International youth forum to tackle tough issues in second Echenberg event
By Pascal Zamprelli
What do reasonable accommodation, aboriginal rights, national security laws and ethics education have in common? They are all examples of how societies grapple with the diversity of their populations, and they are but a few of the hot topics to be tackled at the second Echenberg Family Conference on Human Rights – the Global Conference on Human Rights and Diverse Societies, to be held Oct. 7-9 at McGill.
The Faculty of Law’s Centre for Human Rights and Legal Pluralism is convening legislators, scholars, journalists, policy-makers, students, diplomats, activists and others active in the field of international human rights and social diversity to debate important questions: Are human rights truly universal? How are actual human-rights policies and norms implemented in a world where very diverse societies coexist? How are such societies dealing with the issues raised by their own internal diversity? Can multiculturalism policies help diminish sources of cultural conflict? What are the solutions to global human rights abuses?
“In many parts of the world, diversity is one of the causes of ethnic or religious conflict or at least troubles,” said François Crépeau, Hans and Tamar Oppenheimer Professor of International Public Law at McGill, and Chair of the conference.
It promises to be an event filled with enlightening debate and gripping exchanges between fascinating panelists from around the worlds, including the Principal English Translator to the Dalai Lama, a former minister of justice and attorney-general of Canada, the Solicitor General of India, the UN Special Rapporteur on Violence Against Women, a female Member of Parliament in Afghanistan, the Chief Justice of the Navajo Nation Supreme Court, the Director of the American Civil Liberties Union’s National Security Program, the Editor-in-Chief of La Presse, and a Senior Editor of the Toronto Star, to name but a few.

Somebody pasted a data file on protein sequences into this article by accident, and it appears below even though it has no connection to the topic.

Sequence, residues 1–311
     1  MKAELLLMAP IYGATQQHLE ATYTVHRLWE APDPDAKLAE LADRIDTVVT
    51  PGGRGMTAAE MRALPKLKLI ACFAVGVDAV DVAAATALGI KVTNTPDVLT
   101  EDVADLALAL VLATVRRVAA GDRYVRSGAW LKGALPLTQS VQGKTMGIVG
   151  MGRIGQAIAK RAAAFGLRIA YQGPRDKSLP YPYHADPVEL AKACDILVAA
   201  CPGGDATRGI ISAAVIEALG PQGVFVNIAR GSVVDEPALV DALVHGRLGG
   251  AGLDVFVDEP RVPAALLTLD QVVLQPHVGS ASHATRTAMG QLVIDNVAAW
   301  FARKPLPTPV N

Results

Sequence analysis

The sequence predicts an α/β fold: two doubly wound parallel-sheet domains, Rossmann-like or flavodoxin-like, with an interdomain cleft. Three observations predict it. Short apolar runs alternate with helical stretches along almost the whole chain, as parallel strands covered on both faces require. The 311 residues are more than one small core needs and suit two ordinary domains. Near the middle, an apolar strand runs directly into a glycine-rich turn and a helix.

Timely, hot-button issues Panel topics will include the media’s role in shaping public opinion and public policy on human-rights and diversity issues, the power of education to spur and combat hatred, the state of the world’s human-rights institutions, as well as the interaction of human rights with indigenous cultures, religion, and security.
“Human rights have been determined to be universal, yet cultural diversity makes the interpretation and implementation of many human rights norms challenging,” added Crépeau. “This conference will address how we can move forward on human rights and diversity issues: fine-tune language, renew conceptual frameworks, invent creative processes,
develop more powerful international and domestic institutions, and learn from best practices.”
Young leaders take the stage
Also, beginning on Oct. 4, the Centre will host the second International Forum for Young Leaders, a pre-conference gathering of 25 young professionals and scholars from every corner of the planet – 21 different countries, to be exact – covering every continent save for Antarctica. The young leaders will explore the contributions they can make to the promotion of multiculturalism and human rights, as the forum will provide a unique networking opportunity to engage with each other and to meet some of the Conference’s distinguished speakers. The primary objective of the forum is to raise awareness of human- rights issues amongst the younger generation by creating, over the term of the Echenberg conferences, an active global community of young leaders who will remain in contact with each other as well as work in concert to advance the human rights agenda.
The Echenberg Family Conference was established by a generous gift by McGill alumnus Gordon Echenberg and his wife Penny. The series kicked off in 2007, when McGill hosted the Global Conference on the Prevention of Genocide. The goal of these conferences is to bridge the gap between academia, including human-rights research and writings, and the pragmatics of daily life in order to have an impact on public policy and foster a greater understanding of the importance as well as the role of human-rights issues in the daily lives of individual citizens everywhere.
Please visit http://efchr.mcgill.ca/2010/eng/home.php for more.